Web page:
- Computers and Electronics-Knowledge of circuit boards, processors, chips, electronic equipment, and computer hardware and software, including applications and programming.
- Mathematics-Knowledge of arithmetic, algebra, geometry, calculus, statistics, and their applications.
- Design-Knowledge of design techniques, tools, and principles involved in production of precision technical plans, blueprints, drawings, and models.
- Physics-Knowledge and prediction of physical principles, laws, their interrelationships, and applications to understanding fluid, material, and atmospheric dynamics, and mechanical, electrical, atomic and sub- atomic structures and processes.
- Biology-Knowledge of plant and animal organisms, their tissues, cells, functions, interdependencies, and interactions with each other and the environment.
- Design and develop medical diagnostic and clinical instrumentation, equipment, and procedures, using the principles of engineering and biobehavioral sciences.
- Conduct research, along with life scientists, chemists, and medical scientists, on the engineering aspects of the biological systems of humans and animals.
- Manage teams of engineers by creating schedules, tracking inventory, creating and using budgets, and overseeing contract obligations and deadlines.
- Adapt or design computer hardware or software for medical science uses.
- Evaluate the safety, efficiency, and effectiveness of biomedical equipment.
- Teach biomedical engineering or disseminate knowledge about the field through writing or consulting.
- Develop models or computer simulations of human biobehavioral systems to obtain data for measuring or controlling life processes.
- Diagnose and interpret bioelectric data, using signal processing techniques.
- Design and deliver technology to assist people with disabilities.
- Research new materials to be used for products, such as implanted artificial organs.
- Making Decisions and Solving Problems-Analyzing information and evaluating results to choose the best solution and solve problems.
- Analyzing Data or Information-Identifying the underlying principles, reasons, or facts of information by breaking down information or data into separate parts.
- Getting Information-Observing, receiving, and otherwise obtaining information from all relevant sources.
- Interacting With Computers-Using computers and computer systems (including hardware and software) to program, write software, set up functions, enter data, or process information.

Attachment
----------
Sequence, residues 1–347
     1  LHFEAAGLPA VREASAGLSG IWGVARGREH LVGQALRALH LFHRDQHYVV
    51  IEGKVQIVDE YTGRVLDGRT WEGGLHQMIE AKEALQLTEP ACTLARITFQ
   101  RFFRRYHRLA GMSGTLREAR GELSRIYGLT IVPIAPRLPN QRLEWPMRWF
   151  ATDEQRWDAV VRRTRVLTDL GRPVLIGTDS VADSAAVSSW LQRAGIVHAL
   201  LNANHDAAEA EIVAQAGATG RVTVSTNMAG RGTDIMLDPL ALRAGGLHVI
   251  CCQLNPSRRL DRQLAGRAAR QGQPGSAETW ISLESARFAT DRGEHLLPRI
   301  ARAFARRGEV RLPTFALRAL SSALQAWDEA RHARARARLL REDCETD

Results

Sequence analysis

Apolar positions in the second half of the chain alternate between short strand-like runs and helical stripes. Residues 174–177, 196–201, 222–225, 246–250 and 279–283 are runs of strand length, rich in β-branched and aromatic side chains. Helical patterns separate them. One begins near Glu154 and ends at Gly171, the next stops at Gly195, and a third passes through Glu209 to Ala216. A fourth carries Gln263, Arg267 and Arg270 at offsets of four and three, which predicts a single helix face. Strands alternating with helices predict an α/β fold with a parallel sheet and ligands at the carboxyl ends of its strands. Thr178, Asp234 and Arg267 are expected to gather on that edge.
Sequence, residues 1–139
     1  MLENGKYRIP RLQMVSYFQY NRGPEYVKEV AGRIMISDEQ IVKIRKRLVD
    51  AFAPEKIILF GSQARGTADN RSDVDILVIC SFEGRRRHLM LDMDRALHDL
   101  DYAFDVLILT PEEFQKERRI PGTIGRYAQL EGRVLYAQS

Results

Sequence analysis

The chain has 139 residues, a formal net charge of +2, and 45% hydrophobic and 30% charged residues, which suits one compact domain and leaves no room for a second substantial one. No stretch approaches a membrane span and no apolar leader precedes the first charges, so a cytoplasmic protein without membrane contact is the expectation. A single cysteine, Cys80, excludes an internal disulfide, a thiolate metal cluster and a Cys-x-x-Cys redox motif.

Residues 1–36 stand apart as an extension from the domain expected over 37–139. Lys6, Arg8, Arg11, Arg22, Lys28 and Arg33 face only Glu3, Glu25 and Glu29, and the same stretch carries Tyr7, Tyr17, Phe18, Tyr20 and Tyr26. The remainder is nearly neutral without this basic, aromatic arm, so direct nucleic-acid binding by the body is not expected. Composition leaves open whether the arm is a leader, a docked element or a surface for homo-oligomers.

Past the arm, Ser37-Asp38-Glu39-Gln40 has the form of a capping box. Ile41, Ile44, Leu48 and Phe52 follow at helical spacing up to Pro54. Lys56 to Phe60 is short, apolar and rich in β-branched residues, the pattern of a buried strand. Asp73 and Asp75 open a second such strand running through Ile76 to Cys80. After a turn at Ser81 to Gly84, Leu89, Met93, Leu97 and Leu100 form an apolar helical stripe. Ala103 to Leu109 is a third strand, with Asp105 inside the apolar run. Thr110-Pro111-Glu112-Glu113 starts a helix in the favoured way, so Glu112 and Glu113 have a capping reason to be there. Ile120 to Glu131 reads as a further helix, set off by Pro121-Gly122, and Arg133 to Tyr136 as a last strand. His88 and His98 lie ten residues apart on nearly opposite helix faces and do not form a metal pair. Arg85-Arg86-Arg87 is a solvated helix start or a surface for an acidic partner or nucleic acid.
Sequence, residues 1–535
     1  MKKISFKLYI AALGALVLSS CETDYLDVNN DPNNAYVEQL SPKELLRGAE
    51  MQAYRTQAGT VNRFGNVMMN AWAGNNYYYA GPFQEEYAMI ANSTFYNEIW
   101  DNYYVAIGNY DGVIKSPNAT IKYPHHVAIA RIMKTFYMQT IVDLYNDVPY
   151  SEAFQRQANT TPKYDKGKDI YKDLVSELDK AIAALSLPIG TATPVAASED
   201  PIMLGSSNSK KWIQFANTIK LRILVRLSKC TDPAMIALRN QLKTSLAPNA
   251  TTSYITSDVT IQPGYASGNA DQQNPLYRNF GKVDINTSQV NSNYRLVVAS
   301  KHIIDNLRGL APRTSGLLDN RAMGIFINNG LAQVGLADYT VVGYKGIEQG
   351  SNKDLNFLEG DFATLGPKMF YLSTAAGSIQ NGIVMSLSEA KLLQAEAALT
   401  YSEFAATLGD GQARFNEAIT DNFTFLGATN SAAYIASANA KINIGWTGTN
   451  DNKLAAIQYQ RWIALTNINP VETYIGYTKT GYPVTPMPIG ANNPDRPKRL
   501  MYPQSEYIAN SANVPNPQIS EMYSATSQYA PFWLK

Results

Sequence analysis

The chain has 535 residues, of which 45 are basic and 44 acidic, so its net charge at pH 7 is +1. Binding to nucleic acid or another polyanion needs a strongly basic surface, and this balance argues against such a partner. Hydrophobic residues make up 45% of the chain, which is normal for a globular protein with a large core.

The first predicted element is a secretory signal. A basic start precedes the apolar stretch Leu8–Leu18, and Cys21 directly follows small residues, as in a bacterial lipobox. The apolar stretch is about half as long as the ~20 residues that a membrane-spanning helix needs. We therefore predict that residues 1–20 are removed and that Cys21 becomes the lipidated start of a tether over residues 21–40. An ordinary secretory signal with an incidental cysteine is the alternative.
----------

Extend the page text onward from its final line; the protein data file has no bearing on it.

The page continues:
- Processing Information-Compiling, coding, categorizing, calculating, tabulating, auditing, or verifying information or data.
- Thinking Creatively-Developing, designing, or creating new applications, ideas, relationships, systems, or products, including artistic contributions.
- Electronic Mail-Mostly you use electronic mail in this job
- Indoors, Environmentally Controlled-Mostly this job require working indoors in environmentally controlled conditions
- Face-to-Face Discussions-Mostly you have to have face-to-face discussions with individuals or teams in this job?
- Telephone-Mostly you have telephone conversations in this job
- Work With Work Group or Team-Important to work with others in a group or team in this job
- Freedom to Make Decisions-The job offers decision making freedom without supervision
- Importance of Being Exact or Accurate-Required to be very exact or highly accurate in performing this job
- Structured versus Unstructured Work-Job is structured for the worker, rather than allowing the worker to determine tasks, priorities, and goals
- Development environment software e.g. Advanced computer simulation language ACSL
- Analytical or scientific software e.g. ANSYS
- Development environment software e.g. C
- Object or component oriented development software e.g. C++
- Computer aided design CAD software e.g. Cadence Allegro Design Entry Capture and Capture CIS
- Analytical or scientific software e.g. Calculating optimum maintenance parameters COMPARE
- Charting software
- Analytical or scientific software e.g. Circuit simulation software
- Computer aided design CAD software
- Computer aided manufacturing CAM software
- Medical magnetic resonance imaging MRI scanners e.g.3T scanners
- Acoustic sensors e.g.Acoustic measurement systems
- Modulators e.g.Acousto-optic modulators
- Physiological recorders e.g.Activity monitoring devices
- Thickness measuring devices e.g.Anthropometers
- Wave generators e.g.Arbitrary waveform generators
- Physiological recorders e.g.Axial-torsional testing systems
- Bacteria transformation kits e.g.Bacteria-based biosensors
- Microcontrollers e.g.Basic stamp microcontrollers